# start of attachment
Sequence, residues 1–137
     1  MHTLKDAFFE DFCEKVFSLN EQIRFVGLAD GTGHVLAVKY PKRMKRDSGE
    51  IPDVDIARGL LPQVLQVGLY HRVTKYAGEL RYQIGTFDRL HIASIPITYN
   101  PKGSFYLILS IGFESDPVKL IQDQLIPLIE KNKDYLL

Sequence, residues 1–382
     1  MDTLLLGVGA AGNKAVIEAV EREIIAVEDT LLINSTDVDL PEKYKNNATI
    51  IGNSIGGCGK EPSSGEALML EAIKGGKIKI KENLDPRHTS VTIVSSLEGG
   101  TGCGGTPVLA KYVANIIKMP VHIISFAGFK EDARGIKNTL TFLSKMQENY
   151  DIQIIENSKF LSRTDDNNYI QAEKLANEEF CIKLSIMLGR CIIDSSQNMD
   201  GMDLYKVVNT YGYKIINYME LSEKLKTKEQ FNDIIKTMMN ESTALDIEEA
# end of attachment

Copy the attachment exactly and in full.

Sequence, residues 1–137
     1  MHTLKDAFFE DFCEKVFSLN EQIRFVGLAD GTGHVLAVKY PKRMKRDSGE
    51  IPDVDIARGL LPQVLQVGLY HRVTKYAGEL RYQIGTFDRL HIASIPITYN
   101  PKGSFYLILS IGFESDPVKL IQDQLIPLIE KNKDYLL

Sequence, residues 1–382
     1  MDTLLLGVGA AGNKAVIEAV EREIIAVEDT LLINSTDVDL PEKYKNNATI
    51  IGNSIGGCGK EPSSGEALML EAIKGGKIKI KENLDPRHTS VTIVSSLEGG
   101  TGCGGTPVLA KYVANIIKMP VHIISFAGFK EDARGIKNTL TFLSKMQENY
   151  DIQIIENSKF LSRTDDNNYI QAEKLANEEF CIKLSIMLGR CIIDSSQNMD
   201  GMDLYKVVNT YGYKIINYME LSEKLKTKEQ FNDIIKTMMN ESTALDIEEA